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Submitted by Steven ODell on 8 July 2007 - 12:29am.

Aimless Wanderings

There are days when I feel a bit like Jeff Foxworthy, but with a twist. The goofy things I wonder about make me wonder. (Don’t try—you’ll just hurt yourself). Like the words that he transmogrifies into Redneck dialect. I can do that, too. Far too easily for most folks’ comfort, I might add.

Ball—“Bring it to a ball on the stove for 2 minutes.”

Tom—“What tom does yer watch say?”

And you have to wonder why some one-syllable words become two-syllable words when translated into Redneck. For example:

Pain —Pă-yun (This could mean severe discomfort, but it could also refer to a kitchen utensil used on the stove—so be cautious in its use).

Ham —Hă-yum. With a nice glaze, sounds great.

Finder—At first glance, this would appear to be the word we use to denote someone who locates some-one or some-thing, but I’m afraid it isn’t that simple. Instead of the familiar ‘long i’ sound that we have come to expect with this combination of letters, we are faced with a ‘short i’ sound that completely transforms it into another meaning altogether. See for yourself:

“Dale, didja fix that front finder on the truck, like I asked?” To which Dale replies with the ‘long I’ version of the same word—“I think you’ll finder satisfactory, Pa.”

If you aren’t careful when you speak this language, you might just find’jer self in trouble and embarrassed. But once you begin to understand this regional dialect and become truly fluent in it, you will invariably find yourself asking why you ever wanted to learn it in the first place. No easy answer for that, even after all these years. Sorry.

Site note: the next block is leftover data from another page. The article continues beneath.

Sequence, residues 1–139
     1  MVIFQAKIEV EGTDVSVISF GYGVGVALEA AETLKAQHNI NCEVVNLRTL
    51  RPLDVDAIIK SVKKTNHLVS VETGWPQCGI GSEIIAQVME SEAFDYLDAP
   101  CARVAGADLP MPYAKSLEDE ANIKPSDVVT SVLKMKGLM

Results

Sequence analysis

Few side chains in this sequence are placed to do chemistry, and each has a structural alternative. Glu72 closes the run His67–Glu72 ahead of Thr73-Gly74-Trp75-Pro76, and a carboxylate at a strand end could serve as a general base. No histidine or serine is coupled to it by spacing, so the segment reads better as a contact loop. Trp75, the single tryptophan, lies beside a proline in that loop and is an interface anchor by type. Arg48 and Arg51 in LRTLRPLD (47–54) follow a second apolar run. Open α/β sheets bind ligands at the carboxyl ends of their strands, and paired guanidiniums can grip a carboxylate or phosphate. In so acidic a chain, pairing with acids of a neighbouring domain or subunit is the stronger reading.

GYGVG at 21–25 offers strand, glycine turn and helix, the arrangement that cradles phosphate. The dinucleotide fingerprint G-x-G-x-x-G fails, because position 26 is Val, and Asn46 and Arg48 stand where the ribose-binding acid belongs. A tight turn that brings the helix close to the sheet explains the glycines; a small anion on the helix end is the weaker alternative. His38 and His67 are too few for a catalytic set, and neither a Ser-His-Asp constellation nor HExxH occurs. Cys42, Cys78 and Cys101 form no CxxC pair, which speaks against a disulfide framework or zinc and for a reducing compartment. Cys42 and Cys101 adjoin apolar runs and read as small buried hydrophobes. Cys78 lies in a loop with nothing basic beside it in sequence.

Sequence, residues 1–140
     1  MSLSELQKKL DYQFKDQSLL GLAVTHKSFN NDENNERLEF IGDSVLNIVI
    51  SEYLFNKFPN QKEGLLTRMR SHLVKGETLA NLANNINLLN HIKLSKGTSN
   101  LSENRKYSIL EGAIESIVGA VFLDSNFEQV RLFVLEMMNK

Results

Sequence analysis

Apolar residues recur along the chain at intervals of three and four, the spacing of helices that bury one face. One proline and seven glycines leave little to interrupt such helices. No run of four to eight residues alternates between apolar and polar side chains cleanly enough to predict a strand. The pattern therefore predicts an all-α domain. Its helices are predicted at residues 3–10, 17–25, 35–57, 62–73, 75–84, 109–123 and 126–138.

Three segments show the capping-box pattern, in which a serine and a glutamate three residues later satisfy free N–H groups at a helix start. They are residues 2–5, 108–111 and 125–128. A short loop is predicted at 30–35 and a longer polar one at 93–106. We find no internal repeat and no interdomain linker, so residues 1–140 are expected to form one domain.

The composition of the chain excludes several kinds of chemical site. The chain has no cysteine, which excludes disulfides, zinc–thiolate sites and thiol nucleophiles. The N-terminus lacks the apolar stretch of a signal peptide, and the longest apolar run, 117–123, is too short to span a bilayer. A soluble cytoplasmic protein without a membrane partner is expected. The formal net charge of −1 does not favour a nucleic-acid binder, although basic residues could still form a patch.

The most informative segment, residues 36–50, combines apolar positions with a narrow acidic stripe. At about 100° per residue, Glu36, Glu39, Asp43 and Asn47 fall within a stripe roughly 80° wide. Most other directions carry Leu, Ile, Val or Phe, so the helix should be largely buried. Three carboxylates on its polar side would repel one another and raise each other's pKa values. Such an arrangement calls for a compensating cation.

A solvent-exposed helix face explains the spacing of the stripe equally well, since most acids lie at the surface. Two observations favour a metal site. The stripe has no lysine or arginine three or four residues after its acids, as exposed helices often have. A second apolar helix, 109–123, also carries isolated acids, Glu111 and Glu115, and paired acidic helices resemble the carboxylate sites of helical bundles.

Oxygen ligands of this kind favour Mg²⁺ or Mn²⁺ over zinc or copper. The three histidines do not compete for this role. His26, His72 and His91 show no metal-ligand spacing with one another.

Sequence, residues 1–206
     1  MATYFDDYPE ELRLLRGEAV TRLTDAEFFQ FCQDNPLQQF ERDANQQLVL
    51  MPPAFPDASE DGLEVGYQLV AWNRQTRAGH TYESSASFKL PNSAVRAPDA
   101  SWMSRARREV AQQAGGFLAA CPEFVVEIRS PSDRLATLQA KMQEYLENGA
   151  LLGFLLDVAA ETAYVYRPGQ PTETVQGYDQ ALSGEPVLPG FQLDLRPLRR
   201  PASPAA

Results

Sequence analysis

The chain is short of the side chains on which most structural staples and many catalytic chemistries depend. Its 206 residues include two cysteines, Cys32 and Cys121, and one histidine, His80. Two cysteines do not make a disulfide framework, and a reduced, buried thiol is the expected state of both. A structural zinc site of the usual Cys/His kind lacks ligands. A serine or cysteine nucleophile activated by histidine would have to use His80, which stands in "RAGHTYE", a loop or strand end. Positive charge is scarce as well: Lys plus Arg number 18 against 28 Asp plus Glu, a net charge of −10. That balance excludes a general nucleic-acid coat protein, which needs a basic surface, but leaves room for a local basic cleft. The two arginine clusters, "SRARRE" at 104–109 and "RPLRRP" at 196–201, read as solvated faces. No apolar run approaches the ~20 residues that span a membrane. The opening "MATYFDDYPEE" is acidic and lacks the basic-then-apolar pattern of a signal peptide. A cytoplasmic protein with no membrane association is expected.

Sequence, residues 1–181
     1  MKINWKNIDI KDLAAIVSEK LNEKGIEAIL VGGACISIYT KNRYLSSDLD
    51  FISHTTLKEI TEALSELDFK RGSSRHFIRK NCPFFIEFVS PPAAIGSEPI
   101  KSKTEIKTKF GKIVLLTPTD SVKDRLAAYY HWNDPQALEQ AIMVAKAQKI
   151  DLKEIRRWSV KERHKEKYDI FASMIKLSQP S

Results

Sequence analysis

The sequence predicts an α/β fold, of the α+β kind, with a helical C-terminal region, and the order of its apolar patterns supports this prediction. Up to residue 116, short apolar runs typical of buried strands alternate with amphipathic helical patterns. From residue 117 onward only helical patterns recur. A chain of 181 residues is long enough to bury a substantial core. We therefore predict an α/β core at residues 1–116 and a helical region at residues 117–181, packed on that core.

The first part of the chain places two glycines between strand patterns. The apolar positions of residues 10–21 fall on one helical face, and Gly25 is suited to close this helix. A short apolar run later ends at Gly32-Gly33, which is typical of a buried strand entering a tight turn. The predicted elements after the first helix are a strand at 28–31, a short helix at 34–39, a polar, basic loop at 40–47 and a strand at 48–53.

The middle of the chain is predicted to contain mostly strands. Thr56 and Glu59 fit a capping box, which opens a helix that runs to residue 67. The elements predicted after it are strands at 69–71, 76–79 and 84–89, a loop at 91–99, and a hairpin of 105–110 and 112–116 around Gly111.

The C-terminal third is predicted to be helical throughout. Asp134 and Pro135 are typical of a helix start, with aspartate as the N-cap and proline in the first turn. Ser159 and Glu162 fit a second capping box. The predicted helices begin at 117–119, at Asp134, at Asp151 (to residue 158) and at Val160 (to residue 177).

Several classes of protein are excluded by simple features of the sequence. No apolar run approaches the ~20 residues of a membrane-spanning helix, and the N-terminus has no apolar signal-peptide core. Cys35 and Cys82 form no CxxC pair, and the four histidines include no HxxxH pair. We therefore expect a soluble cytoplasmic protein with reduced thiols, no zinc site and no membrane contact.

Okay, okay—not wonderful so far, but I do have other talents found somewhere in the general Foxworthy-esque cubicle, although I add my own twist to them, to be sure. This can be an advantage (it is not plagiarism) or a disadvantage (“He really is nuts, Martha!”), depending upon which camp you may occupy. But there is a creative force within me that cannot be denied—whether it be for good or evil, I know not. It just has to express itself, much like the Spam song. I simply feel better once the critter is set free.

So, without any further ado (or is it Adieu? See, I told you I couldn’t help but wonder), let me introduce you to:

You may be a heavy drinker if...

·You've ever awakened in the morning with "carpet face".
·You don't recall your shoes being that color a moment ago.
·Everywhere you go is uphill.
·Close friends wear raincoats on sunny days.
·You spend more than one minute digging for your car keys
before you realize boxer shorts have no pocket.
·You don't recall the door being there when you came in.
·It has taken you more than 1 minute to find the door.
·You've ever put your shoes on backward and it felt right.
·Even the dog hides your car keys.

·You're glad you drove because you were in no shape to have walked.
·Your head is in the toilet more than your backside is.
·You ever tried to bum a dollar from a cop or a parking meter.
·Just hearing the word "medicinal" makes you thirsty.
·You ever answered a hiccup with, "I'll drink to that".
·You've ever gone after more beer on your riding lawn mower.
·You've ever tried to climb over a sidewalk.
·If your idea of a balanced diet is a beer in each hand.